Running Time: 128 mins. Rating: 3 Stars/5 Stars
MPAA Rating: PG-13
Director: Brian Helgeland
Cast: Chadwick Boseman, Harrison Ford, Nicole Beharie, Christopher Meloni, Ryan Merriman, Lucas Black, Andre Holland, Alan Tudyk, Hamish Linklater, T.R. Knight, John C. McGinley, Toby Huss, Max Gail, Brad Beyer, James Pickens Jr.
Considering Jackie Robinson’s prominent position in American history, it’s frankly surprising that the film industry had not done a biopic on him until the just released 42 that stars Chadwick Boseman as Robinson and Harrison Ford as Branch Rickey, the Brooklyn Dodgers general manager who signed him to a contract with the Dodgers organization in 1946 that would finally integrate Major League Baseball a year later. Screenwriter and film director Brian Helgeland wisely limits this fast-moving two-hour film to the 1946 and ‘47 seasons and there is certainly more than enough material for him.
42 opens with Branch Rickey telling the Dodgers public relations director Harold Parrott (T.R. Knight) that the time has come for baseball to accept a Negro. Rickey is portrayed as a deeply religious man who is fond of quoting the Scriptures; particularly “Love thy neighbor.” He is well aware of the fact that the US had just helped conquer fascism thanks in no small part to African-American soldiers. Branch was also painfully cognizant that the Jim Crow laws of segregation diminished America’s greatness.
When Parrott expresses his qualms about possible backlash by fans against a black player, Rickey scolds him by saying that he is only concerned about winning a World Series and that leads to the only color that truly matters to a team owner– green as in the color of money flowing into the coffers. Winning is the only thing that matters to irascible Dodgers manager Leo Durocher (Christopher Meloni) who is looking forward to managing Jackie Robinson.
While there was no shortage of qualified players for Rickey to choose from, he selected Jackie Robinson because he was a star in four sports at UCLA, was a World War II veteran, and was both intelligent and an intense which at times bordered on the belligerent. “It takes guts not to fight back,” says Branch to Jackie who reluctantly understands that he will have to play the role of Gandhi if other black players are to make it to the majors.
Chadwick Boseman thankfully portrays Jackie Robinson not as a saint but as someone who possessed a temper and was a bit distant even to those who were on his side such as Pittsburgh sportswriter Wendell Smith (Andre Howard) who was the Jackie Robinson of sportswriters as he was the first to integrate the Baseball Writers Association of America in 1948 after years of not being allowed to enter a press box.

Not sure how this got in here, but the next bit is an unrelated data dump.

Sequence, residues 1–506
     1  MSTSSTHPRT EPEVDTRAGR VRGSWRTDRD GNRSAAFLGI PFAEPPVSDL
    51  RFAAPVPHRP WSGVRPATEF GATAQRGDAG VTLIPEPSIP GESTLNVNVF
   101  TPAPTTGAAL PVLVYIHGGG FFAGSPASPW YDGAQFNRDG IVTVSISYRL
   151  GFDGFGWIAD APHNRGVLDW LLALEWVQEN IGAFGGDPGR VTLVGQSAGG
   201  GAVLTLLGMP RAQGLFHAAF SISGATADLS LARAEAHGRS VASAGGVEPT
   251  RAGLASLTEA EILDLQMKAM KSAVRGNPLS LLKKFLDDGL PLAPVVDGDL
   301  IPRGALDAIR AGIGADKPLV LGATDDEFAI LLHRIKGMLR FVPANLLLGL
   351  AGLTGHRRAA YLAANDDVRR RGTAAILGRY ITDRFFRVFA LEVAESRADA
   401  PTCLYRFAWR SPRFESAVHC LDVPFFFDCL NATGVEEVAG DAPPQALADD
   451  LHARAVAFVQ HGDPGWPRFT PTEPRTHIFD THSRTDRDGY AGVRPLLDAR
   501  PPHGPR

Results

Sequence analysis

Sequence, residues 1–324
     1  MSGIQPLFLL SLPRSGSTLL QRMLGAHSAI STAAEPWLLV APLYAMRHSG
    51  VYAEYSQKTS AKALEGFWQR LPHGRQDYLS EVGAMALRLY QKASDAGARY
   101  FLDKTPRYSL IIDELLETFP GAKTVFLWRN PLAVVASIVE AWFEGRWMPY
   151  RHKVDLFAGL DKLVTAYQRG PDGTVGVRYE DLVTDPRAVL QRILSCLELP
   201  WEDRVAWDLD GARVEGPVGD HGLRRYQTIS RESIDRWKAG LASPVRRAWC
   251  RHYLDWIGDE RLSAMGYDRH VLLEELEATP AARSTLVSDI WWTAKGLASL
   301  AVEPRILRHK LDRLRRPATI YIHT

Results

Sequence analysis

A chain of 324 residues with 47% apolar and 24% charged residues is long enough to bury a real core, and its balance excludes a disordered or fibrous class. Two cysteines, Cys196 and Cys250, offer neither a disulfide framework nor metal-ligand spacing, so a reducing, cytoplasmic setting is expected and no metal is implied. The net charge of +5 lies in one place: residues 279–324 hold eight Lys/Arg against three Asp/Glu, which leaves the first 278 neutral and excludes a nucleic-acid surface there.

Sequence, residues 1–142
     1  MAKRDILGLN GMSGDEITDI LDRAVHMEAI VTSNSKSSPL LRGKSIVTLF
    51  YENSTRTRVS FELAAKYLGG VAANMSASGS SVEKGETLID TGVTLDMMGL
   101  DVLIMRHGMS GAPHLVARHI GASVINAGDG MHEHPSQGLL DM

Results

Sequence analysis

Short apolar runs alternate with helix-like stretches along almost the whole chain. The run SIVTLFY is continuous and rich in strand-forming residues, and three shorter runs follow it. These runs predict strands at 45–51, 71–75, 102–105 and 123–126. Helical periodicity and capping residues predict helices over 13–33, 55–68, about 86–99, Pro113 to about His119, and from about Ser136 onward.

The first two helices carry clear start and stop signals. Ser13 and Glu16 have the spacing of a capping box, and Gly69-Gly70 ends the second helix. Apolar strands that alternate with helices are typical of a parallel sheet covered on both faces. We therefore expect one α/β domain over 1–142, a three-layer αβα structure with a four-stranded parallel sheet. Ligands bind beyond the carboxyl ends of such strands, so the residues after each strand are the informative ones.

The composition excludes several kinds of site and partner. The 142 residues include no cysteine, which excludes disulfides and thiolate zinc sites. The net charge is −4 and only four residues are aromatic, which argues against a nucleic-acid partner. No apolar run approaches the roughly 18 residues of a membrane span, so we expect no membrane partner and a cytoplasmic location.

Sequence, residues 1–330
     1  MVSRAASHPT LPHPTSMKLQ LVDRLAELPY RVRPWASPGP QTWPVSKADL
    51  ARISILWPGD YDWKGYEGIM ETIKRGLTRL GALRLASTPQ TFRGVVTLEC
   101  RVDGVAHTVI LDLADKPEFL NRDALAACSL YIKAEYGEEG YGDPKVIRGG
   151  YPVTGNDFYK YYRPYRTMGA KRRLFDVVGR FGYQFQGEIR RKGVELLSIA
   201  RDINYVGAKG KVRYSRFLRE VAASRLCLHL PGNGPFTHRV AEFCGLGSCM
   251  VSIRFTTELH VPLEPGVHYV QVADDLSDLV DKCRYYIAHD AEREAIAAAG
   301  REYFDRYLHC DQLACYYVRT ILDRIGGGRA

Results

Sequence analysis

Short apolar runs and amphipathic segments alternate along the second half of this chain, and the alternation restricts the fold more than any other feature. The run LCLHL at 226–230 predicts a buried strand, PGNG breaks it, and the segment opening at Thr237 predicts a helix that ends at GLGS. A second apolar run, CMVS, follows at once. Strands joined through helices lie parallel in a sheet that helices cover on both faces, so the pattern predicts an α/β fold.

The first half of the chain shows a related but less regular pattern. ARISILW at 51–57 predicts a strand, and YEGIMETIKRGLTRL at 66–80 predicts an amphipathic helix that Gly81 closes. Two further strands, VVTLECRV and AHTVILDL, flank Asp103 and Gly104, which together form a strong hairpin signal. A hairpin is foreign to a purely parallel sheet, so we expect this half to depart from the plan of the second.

Jackie most likely would not have been able to survive the incessant ruthless insults that were hurled at him by numerous opposing players, managers, and segregationist hotel managers without the bedrock support of his wife, Rachel (Nichole Beharie). She even gave him a batting tip before a crucial September series with the Pirates.
While 42 understandably focuses on the relationship between Robinson and Rickey, Brian Helgeland doesn’t neglect smaller details about that fateful 1947 season. While we all know about the prejudice Jackie faced, it is disconcerting to hear the racial epithets hurled at him by racist Phillies manager Ben Chapman (Alan Tyduk) as well as watching the Dodgers bus get turned away at Philadelphia’s Ben Franklin Hotel because the owners did not want to see their swanky lodge get integrated. Making matters worse, some of Jackie’s southern teammates such as Dixie Walker and Kirby Higbe take out their frustrations on him when they are told that they can’t stay at the Franklin.
Fortunately Jackie had teammates who were also friends such as pitcher Ralph Branca and outfielder Gene Hermanski. No white Dodger player was more courageous however than shortstop Harold “Pee Wee” Reese (Lucas Black) who grew up in Louisville, Kentucky. While playing at Cincinnati’s Crosley Field in front of a lot of friends and family (the distance between Louisville and Cincinnati is about that between New York and Philadelphia), Reese got so disgusted with the vitriol aimed at Robinson, that he walked over and put his arm around him. “I want my family to see the kind of man that I am,” he told him.
As is the case with almost every sports movie, there is some cringe-inducing corny dialog here but it’s kept to a minimum. Harrison Ford and Chadwick Boseman are spectacular in the lead roles as are Nichole Beharie and Andre Howard in their key supporting roles.
42 is not only an important history lesson but a rather good film as well.
If you like this recommendations: A League Of Their Own, Eight Men Out, Field Of Dreams